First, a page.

As this blog has previously reported, business groups in Michigan signed off on the legislation last year noting it was part of a larger budget deal that was not as bad as possible alternatives.   ERISA preemption concerns were outweighed by the belief that self-insured employers could absorb the new tax without much disruption. 

Then in August of this year, a federal district court in Michigan dismissed an ERISA preemption lawsuit, which contended that the administrative obligations imposed by the Act are unlawful.    

Game over?  Well, not exactly.

An appeal of the District’s court ruling has just by filed with the Sixth Circuit Court Appeals and incorporates some very strong arguments to justify a reversal.  And this time, the self-insurance industry will have an unlikely ally in this legal fight – organized labor. 

What has not been widely recognized is that the tax applies to self-insured Taft-Hartley plans and the ERISA preemption argument is even stronger as it relates to these plans.   So it is a positive development that at least two Taft-Hartley plans are expected file amicus briefs next week.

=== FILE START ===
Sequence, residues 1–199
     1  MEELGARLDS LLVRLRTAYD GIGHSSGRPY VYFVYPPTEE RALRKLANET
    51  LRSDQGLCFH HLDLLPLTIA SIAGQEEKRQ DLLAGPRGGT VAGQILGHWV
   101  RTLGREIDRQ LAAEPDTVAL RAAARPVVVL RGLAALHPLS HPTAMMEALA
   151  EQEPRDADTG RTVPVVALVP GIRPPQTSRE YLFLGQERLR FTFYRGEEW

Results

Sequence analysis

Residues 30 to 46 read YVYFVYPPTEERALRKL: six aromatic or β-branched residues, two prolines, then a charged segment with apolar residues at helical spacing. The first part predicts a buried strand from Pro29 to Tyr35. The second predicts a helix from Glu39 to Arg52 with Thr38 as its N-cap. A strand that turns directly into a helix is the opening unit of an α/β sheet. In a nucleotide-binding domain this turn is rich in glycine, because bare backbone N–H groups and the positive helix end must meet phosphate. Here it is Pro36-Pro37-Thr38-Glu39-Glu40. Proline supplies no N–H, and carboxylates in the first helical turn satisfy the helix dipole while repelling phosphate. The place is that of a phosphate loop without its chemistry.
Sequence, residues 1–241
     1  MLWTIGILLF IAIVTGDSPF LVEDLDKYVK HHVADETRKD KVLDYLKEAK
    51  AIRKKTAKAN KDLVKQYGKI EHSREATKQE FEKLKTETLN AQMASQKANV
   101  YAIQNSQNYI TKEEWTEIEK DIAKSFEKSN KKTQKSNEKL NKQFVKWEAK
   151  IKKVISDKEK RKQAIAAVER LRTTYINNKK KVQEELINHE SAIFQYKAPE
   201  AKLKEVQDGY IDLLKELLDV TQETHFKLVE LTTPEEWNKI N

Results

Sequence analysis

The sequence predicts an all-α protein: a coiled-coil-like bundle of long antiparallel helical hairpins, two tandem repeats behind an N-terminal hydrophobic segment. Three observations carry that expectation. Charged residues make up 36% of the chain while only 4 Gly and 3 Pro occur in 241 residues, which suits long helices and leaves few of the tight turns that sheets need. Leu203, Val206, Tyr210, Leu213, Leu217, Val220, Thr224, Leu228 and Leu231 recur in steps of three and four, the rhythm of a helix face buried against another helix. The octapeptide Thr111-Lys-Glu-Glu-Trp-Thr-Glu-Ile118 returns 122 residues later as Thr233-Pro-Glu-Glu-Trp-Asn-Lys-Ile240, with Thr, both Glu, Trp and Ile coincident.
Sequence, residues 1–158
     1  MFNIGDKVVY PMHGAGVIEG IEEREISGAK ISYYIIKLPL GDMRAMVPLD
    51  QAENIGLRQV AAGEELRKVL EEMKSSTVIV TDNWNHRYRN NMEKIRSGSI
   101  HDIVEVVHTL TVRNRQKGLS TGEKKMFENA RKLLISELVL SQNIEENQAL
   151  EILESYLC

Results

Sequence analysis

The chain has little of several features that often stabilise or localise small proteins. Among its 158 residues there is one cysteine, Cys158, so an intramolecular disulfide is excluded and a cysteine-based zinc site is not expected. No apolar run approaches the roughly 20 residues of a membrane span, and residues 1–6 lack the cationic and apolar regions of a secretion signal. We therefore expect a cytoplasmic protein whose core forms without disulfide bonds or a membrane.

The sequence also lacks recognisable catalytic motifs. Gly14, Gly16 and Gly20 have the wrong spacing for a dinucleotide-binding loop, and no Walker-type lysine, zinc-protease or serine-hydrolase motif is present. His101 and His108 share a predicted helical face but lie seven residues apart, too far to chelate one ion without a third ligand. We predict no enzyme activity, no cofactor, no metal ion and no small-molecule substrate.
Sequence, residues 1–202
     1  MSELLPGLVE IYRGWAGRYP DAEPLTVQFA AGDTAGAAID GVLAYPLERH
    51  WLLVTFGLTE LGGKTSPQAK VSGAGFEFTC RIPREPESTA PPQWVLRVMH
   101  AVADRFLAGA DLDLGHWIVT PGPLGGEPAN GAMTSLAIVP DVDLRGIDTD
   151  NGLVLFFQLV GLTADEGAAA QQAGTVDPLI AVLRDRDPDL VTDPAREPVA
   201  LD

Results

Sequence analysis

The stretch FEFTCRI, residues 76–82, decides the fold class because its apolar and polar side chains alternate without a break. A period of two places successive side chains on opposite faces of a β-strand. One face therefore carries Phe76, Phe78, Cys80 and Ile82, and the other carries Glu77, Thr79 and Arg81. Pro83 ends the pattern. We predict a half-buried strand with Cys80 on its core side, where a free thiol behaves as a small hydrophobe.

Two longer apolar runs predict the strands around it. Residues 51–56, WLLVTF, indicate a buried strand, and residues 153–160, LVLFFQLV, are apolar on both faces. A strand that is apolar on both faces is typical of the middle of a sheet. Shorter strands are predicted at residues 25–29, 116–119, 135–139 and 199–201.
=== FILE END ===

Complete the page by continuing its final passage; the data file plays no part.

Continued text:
But while more pressure is being applied in Federal Court, things are heating back up in the Michigan State Legislature to make the tax significantly more onerous.

The Act was structured based on the assumption that it would raise $400 in annual revenue from all payers.   Of course, government budgeting is often suspect and Michigan bureaucrats have lived up to this reputation.  Through the first half of 2012, the state collected only $109 million from the health claims tax, which means the annualized estimate is short nearly $200 million.

So it should not come as any surprise that the Michigan Legislature is now considering a proposal during a lame duck session to significantly hike the tax.  SB 1359, introduced earlier this month, would allow for an unlimited and variable rate on the claims tax so that it would float up and down to ensure that the tax generates $400 million annually.  The bill would also eliminate the proportional credit/refund provision should the tax collect more than the $400 million target amount.

Interestingly, state business groups who provided tacit approval to the tax last year have now launched an aggressive lobbying effort to defeat the proposed 2.0 version.   We’ll see if labor groups join the cause. 

While it’s certainly encouraging that there is strong push back against SB 1359, the opposition remains focused on the economic argument.    Yes, this is clearly important but arguably not as important as the ERISA preemption issue.